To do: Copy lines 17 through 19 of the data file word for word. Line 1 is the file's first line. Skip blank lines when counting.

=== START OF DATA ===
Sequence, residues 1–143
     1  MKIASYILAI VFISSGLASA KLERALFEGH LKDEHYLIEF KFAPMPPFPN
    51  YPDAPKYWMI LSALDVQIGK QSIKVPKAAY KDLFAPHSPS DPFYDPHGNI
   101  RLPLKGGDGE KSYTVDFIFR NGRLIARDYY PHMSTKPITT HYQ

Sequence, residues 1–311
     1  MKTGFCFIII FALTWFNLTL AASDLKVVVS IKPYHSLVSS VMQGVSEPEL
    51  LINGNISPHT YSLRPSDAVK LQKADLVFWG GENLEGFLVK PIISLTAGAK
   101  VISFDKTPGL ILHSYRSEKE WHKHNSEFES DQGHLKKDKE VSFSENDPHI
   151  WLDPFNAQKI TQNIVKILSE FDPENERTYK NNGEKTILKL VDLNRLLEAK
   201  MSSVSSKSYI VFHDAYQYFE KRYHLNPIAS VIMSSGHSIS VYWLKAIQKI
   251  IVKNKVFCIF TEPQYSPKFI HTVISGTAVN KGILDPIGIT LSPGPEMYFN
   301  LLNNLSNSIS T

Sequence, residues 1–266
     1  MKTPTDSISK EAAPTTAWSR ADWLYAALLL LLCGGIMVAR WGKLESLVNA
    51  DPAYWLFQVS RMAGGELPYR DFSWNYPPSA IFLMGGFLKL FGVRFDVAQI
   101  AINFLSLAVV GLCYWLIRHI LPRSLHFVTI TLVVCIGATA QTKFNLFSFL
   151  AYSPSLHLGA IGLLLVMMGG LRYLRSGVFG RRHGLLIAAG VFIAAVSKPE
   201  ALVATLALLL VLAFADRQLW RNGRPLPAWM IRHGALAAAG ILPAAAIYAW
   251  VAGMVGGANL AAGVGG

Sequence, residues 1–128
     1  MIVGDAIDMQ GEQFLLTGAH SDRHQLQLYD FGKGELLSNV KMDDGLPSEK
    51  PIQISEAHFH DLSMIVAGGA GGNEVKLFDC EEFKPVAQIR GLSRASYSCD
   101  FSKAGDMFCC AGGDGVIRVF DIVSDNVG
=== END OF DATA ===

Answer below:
   151  AYSPSLHLGA IGLLLVMMGG LRYLRSGVFG RRHGLLIAAG VFIAAVSKPE
   201  ALVATLALLL VLAFADRQLW RNGRPLPAWM IRHGALAAAG ILPAAAIYAW
   251  VAGMVGGANL AAGVGG